Followup: Lessons of Pearl Harbor

In light of the Pearl Harbor anniversary and the recent deplorable turn in American political discourse I penned an op-ed on the lessons of Pearl Harbor and the persistence of fear as motivation for unity. I wrote the piece before Trump Trumped yesterday and suggested the United States bar all Muslims from entry. The article strives to bring up the dual legacy of unity in America inspired by the devastation of a surprise attack and of the fear sparked by that event that led to the unjust internment of thousands of Japanese Americans.

While the comment section at The Diplomat devolved, as it often does, into commentary on Japan–one commenter posed the question of whether I was aware that German and Italian Americans were also interned during WWII and further, he asked, why did they not receive reparations and an apology?

I, with my German last name and large Italian American extended family, was most certainly aware. And I have a few thoughts:

On Scale. Between 110,000 and 120,000 Japanese and Japanese Americans were interned during the war. Of that number, an estimated 62 percent were American citizens. In contrast, just over 11,000 of Germans were interned. Hundreds of Italians were interned. In both of groups, the majority were German or Italian citizens. Many more of both groups were harassed, monitored, and made to move. Here’s the Department of Justice’s 2001 report on restrictions on those of Italian ancestry during WWII.

But those of German and Italian descent had numbers on their sides. Italians were the largest foreign-born group in the country. Between 1900 and 1914 and estimated 3 million migrated to America (including my ancestors who set up shop, in stereotypical fashion, in the Boston area). It was physically impossible to detain everyone with an Italian mother. The same logic applied in Hawaii: of Hawaii’s 150,000-strong population of ethnic Japanese, under 2000 were interned. On the mainland, however, those of Japanese descent were not so lucky.

To be frank, racism did not effect German and Italian Americans as much as it did the Japanese during World War II. This isn’t to say they were not the subject of vitriol , of nasty cartoons and suspicious neighbors. They were. But let’s go to the next point.

On Context. Why did I not include the racism faced by Italian Americans or the hatred directed at German Americans? Well, first, because I was discussing the Japanese attack on Pearl Harbor and its relation to hatred directed at those of Japanese ancestry. Second, The Diplomat is a publication focused on Asia (and based in Tokyo). It is impossible to include everything, so I opted for include that which fit the anniversary and my core audience.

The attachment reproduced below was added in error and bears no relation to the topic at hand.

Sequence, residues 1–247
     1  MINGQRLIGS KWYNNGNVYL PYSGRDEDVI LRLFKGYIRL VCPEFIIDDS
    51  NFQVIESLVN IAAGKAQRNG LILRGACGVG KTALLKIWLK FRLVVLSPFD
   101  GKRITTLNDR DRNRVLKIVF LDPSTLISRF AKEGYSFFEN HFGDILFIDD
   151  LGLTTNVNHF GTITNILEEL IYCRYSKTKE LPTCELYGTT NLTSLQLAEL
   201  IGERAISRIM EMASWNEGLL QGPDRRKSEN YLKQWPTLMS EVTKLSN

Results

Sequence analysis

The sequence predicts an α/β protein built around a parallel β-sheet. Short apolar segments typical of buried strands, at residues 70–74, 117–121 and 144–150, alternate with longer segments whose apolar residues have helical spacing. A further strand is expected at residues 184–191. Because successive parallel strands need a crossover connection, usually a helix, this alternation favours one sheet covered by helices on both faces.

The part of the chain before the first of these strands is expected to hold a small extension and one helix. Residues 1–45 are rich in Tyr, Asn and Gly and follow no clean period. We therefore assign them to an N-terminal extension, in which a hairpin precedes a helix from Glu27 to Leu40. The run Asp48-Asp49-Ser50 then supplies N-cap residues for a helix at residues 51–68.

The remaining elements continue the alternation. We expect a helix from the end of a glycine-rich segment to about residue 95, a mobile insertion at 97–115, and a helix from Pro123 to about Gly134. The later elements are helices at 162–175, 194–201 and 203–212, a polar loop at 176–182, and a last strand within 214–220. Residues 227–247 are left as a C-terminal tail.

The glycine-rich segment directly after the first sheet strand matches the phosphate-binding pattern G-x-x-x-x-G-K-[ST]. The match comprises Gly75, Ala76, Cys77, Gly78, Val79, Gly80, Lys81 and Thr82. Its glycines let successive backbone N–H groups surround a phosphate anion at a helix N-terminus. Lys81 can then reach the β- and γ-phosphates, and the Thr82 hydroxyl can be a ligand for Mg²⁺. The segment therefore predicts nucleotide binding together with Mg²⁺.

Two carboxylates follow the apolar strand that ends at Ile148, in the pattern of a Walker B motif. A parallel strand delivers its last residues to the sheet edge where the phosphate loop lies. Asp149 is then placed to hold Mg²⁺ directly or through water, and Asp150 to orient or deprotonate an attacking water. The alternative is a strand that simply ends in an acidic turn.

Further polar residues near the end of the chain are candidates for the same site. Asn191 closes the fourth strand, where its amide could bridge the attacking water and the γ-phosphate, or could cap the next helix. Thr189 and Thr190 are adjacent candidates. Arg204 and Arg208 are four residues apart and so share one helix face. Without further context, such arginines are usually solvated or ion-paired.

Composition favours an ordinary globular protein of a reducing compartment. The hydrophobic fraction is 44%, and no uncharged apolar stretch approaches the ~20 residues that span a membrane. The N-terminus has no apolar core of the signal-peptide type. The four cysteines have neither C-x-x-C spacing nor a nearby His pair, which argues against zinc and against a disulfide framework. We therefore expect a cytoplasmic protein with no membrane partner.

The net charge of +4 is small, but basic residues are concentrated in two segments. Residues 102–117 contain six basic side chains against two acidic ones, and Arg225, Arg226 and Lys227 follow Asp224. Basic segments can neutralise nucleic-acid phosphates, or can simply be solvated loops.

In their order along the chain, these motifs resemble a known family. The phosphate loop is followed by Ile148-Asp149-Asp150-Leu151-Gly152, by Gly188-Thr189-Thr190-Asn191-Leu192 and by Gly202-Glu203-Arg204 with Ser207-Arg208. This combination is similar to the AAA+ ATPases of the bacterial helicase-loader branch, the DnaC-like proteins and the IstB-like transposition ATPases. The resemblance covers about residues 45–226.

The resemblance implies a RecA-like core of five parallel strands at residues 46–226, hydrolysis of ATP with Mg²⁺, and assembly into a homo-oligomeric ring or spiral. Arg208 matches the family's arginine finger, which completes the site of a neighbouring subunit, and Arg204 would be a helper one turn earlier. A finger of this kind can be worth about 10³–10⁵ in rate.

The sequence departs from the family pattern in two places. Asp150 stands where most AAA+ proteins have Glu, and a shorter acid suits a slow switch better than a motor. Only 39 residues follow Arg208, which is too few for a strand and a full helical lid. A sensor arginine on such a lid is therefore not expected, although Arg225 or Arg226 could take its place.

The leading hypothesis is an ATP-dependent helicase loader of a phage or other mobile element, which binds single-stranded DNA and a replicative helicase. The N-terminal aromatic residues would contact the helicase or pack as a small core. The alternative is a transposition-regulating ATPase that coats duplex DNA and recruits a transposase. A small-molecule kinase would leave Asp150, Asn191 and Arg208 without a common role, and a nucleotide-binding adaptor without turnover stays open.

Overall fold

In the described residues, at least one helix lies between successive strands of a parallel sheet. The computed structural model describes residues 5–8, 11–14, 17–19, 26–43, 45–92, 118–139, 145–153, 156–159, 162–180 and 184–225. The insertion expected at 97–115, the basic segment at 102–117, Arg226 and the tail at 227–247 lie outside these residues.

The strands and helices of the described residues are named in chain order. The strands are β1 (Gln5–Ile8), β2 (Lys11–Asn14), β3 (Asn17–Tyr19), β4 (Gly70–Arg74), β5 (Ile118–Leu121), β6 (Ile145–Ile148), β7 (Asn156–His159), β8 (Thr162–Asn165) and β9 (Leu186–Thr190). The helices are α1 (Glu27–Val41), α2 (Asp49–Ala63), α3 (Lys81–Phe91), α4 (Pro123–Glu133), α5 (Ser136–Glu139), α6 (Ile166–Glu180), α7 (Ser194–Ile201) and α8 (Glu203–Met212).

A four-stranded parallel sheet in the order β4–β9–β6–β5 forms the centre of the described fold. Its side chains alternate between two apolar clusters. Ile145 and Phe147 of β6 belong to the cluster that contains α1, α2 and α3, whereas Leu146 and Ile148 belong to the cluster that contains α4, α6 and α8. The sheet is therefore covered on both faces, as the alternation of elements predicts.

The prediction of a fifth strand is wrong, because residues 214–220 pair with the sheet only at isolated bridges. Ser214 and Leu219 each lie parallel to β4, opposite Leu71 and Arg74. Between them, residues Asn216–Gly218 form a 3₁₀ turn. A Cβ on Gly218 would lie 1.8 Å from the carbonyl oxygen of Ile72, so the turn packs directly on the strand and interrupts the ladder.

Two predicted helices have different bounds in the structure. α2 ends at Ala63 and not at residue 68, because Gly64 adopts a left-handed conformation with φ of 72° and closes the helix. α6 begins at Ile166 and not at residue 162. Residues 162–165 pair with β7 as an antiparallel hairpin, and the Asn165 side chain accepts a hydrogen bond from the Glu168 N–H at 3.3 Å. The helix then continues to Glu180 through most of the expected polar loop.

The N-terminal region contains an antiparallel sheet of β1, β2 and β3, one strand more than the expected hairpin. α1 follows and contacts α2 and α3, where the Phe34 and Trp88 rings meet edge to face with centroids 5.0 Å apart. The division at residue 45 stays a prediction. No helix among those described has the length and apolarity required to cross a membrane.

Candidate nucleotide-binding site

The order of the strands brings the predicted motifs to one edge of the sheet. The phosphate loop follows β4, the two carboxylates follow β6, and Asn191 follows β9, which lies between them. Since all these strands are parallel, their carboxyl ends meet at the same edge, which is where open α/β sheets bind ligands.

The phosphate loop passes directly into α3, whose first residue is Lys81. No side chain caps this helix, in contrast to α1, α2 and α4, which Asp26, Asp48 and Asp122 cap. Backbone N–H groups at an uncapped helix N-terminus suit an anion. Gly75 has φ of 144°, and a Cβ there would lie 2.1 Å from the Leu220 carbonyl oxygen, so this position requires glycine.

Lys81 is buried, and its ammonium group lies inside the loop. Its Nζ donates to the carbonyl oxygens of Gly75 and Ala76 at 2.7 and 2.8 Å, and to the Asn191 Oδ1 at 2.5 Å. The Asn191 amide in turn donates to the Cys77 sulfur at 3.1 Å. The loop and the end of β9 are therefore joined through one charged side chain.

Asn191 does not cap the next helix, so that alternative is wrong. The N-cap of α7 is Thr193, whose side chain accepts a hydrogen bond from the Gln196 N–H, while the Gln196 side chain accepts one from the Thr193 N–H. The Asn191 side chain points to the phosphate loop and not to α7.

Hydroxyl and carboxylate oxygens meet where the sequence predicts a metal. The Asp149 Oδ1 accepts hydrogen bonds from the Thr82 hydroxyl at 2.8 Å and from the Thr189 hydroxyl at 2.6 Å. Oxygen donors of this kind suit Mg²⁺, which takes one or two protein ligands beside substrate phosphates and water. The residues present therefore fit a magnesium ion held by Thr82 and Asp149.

Another note related to context is the way in which Japan and Germany were depicted. In my piece I cited Theodor Geisel, better known as Dr. Seuss. In an amazing article from 2014 on Geisel’s views and depictions of the Japanese, Jonathan Crow noted that:

In the battle for homeland morale, American propaganda makers depicted Germany in a very different light than Japan. Germany was seen as a great nation gone mad. The Nazis might have been evil but there was still room for the “Good German.” Japan, on the other hand, was depicted entirely as a brutal monolith; Hirohito and the guy on the street were uniformly evil. Such thinking paved the way for the U.S. Air Force firebombing of Tokyo, where over 100,000 civilians died, and for its nuclear bombing of Hiroshima and Nagasaki.

So, again, focusing on the plight of Japanese Americans is important because the context of the time went beyond “they are our military enemy” to a place of much deeper racism.

For its part, California did pass a resolution apologizing for its internment and harassment of Italians during the war. I’m not aware of any successful legislation to apologize to those of German descent, or to offer reparations.

And that’s all I have to say on that.

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